The Medusa Touch, by Sam Kates
Skinshade, by T. Jackson King
Little Girls Squealing in the Yard, by Lalo LaFleur
Tender Moments, by Massimo Marino
Blood Relation, by Patrick Ottuso
Grandma to the Rescue, by Sharon L Reddy
The Power of Spirit, by Ch’Kara SilverWolf
Dominique, by Edwin Stark
In Space No One Can Hear You Scream, by Lisa Williamson
Spoils of Earth, by Michael Youngblood

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New Release – Battlecry by T. Jackson King

Today I have a New Release for you from my friend T. Jackson KingBattlecry is book three in the StarFight series.

http://www.dreamstime.com/royalty-free-stock-image-spaceship-des

 

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Jacob Renselaer arrives in the Kepler 22 system, carrying a wasp ambassador as a sign of humanity’s hope for an end to its first interstellar war. But that hope crumbles as Jacob, his girlfriend Daisy, ambassador Hunter One and Marine chief O’Connor watch unknown aliens drop thermos-nukes on the wasp colony world, killing wasp larvae and adults. These new aliens pursue Jacob’s ships and a fleeing wasp ship. To Jacob’s horror, the new aliens attack with mobile balls of antimatter! Facing sure death, Jacob retreats to the Kepler 63 wasp colony world where Hunter One demands that he and his fleet defend a colony with 23 million wasps. Where does his duty lie? Must he fight and risk lives and ships to protect their former enemies? Or will help arrive from his father the admiral, or from other wasps? When the shark-seal aliens arrive at Kepler 63, battles happen that threaten the lives of all three peoples—human, wasp and amphibian. Can Jacob and his friends win a fight where they are badly outnumbered? Or will a fight to defend wasp civilians end in the destruction of the Battlestar Lepanto and all of Jacob’s hopes for a future with Daisy? All that is certain is that the amphibian aliens are relentless, their mobile antimatter balls are something no ship can escape and communication is impossible with creatures who talk with skin color patterns!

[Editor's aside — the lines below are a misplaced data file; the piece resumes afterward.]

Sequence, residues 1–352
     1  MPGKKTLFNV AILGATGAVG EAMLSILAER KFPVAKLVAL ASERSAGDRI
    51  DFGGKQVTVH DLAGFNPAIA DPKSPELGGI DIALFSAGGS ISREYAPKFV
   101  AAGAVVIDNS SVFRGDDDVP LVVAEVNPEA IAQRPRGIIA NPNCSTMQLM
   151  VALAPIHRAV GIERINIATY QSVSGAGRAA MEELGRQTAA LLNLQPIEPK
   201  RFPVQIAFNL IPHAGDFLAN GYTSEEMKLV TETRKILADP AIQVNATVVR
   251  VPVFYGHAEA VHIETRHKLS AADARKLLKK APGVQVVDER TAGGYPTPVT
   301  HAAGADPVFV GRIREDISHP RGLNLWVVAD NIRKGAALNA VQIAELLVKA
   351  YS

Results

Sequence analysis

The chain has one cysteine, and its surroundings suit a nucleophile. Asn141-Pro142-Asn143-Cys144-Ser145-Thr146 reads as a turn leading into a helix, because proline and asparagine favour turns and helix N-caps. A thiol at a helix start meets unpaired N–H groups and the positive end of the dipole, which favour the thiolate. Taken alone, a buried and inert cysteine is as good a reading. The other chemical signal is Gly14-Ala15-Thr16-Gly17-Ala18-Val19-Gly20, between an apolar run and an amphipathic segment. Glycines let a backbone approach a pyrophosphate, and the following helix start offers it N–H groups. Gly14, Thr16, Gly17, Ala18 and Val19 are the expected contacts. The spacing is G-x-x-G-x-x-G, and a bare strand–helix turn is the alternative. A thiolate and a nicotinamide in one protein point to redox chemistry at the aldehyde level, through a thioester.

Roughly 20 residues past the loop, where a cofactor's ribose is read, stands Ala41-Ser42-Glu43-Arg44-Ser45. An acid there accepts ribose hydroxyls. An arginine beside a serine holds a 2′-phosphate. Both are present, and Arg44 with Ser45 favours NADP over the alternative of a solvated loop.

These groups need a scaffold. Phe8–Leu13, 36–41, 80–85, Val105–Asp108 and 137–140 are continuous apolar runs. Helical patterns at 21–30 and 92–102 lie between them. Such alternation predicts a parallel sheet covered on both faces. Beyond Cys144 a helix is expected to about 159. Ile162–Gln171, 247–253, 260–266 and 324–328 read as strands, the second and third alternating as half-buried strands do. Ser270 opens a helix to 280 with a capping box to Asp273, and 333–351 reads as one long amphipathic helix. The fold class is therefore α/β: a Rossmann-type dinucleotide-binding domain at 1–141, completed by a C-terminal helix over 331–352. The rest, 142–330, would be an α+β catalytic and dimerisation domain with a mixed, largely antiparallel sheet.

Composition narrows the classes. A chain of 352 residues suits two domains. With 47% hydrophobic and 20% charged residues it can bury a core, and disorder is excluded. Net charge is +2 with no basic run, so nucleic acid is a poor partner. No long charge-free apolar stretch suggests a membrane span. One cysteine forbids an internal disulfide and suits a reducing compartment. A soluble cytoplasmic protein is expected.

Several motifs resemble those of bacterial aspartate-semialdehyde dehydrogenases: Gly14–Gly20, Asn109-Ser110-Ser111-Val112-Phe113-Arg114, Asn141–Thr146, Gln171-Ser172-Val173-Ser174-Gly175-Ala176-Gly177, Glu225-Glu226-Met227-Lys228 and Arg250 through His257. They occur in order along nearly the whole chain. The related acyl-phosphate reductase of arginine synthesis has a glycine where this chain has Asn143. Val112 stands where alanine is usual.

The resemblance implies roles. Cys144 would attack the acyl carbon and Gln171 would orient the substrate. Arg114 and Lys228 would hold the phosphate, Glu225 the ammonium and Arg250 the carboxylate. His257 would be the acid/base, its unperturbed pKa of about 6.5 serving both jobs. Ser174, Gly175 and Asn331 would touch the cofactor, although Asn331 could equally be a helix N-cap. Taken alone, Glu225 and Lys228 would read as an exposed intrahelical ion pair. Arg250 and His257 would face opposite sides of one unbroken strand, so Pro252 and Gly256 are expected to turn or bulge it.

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New Release – Superguy by T.Jackson King

I recently ran a chapter for you from the upcoming novel Superguy,  book one in the Superpowers series, by my friend T. Jackson King.   I am pleased to announced it has now been released.  It is a side step from Tom’s usual Sci-fi and I am looking forward to reading it.  Hope you buy it and enjoy.

Superguy (Superpowers Series Book 1) by [King, T. Jackson]

 

Description1

Jeff Webster is a reluctant superhero. Ever since he was four years old he’s been able to teleport himself to distant places, read minds and move stuff around with mind power. But growing up in Los Alamos, home of the atomic bomb and lots of scientists, taught him the dangers of standing out. With both parents dead, he holds down a simple job but wonders what he should do with his life. Help people in danger? Block terrorist schemes? Become famous for his unique abilities? Watching him is FBI Special Agent Janet Van Groot, newly assigned to monitor adult children of people who work at the national labs, in hopes of catching a hidden foreign spy. What happens after Jeff’s first rescue effort leads him, Janet and the entire nation into a future no one could have expected.

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Coming Soon – Superguy by T. Jackson King

My friend T. Jackson King is to release his latest work soon.  It is a new title called Superguy.  Tom has also given us the First Chapter for a taste of what is to come.  I will post the links when it goes live.

SuperguyMasterBase (X).jpg

 

Description1

“Jeff Webster is a reluctant superhero. Ever since he was four years old he’s been able to teleport himself to distant places, read minds and move stuff around with mind power. But growing up in Los Alamos, home of the atomic bomb and lots of research scientists, taught him the dangers of standing out. With both parents dead, he holds down a simple job but wonders what he should do with his life. Help people in danger? Block terrorist schemes? Become famous for his unique abilities? Watching him is FBI Special Agent Janet Van Groot, newly assigned to monitor adult children of people who work at the national labs, in hopes of catching a hidden foreign spy. What happens after Jeff’s first rescue effort leads him, Janet and the entire nation into a future no one could have expected.”

chapter